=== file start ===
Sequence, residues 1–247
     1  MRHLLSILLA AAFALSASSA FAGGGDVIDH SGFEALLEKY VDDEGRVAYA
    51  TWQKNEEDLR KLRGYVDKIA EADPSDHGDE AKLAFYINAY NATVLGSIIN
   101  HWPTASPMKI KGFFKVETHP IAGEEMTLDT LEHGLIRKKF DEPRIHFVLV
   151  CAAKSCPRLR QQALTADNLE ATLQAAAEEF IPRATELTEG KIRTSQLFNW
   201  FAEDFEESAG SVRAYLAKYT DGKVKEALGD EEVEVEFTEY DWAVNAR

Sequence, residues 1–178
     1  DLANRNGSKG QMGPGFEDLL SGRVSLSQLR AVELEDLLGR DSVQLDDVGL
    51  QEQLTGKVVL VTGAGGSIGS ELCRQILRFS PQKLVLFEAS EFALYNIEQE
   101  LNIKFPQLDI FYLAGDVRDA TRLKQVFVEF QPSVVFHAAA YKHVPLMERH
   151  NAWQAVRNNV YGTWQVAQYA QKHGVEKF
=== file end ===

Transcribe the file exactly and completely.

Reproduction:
Sequence, residues 1–247
     1  MRHLLSILLA AAFALSASSA FAGGGDVIDH SGFEALLEKY VDDEGRVAYA
    51  TWQKNEEDLR KLRGYVDKIA EADPSDHGDE AKLAFYINAY NATVLGSIIN
   101  HWPTASPMKI KGFFKVETHP IAGEEMTLDT LEHGLIRKKF DEPRIHFVLV
   151  CAAKSCPRLR QQALTADNLE ATLQAAAEEF IPRATELTEG KIRTSQLFNW
   201  FAEDFEESAG SVRAYLAKYT DGKVKEALGD EEVEVEFTEY DWAVNAR

Sequence, residues 1–178
     1  DLANRNGSKG QMGPGFEDLL SGRVSLSQLR AVELEDLLGR DSVQLDDVGL
    51  QEQLTGKVVL VTGAGGSIGS ELCRQILRFS PQKLVLFEAS EFALYNIEQE
   101  LNIKFPQLDI FYLAGDVRDA TRLKQVFVEF QPSVVFHAAA YKHVPLMERH
   151  NAWQAVRNNV YGTWQVAQYA QKHGVEKF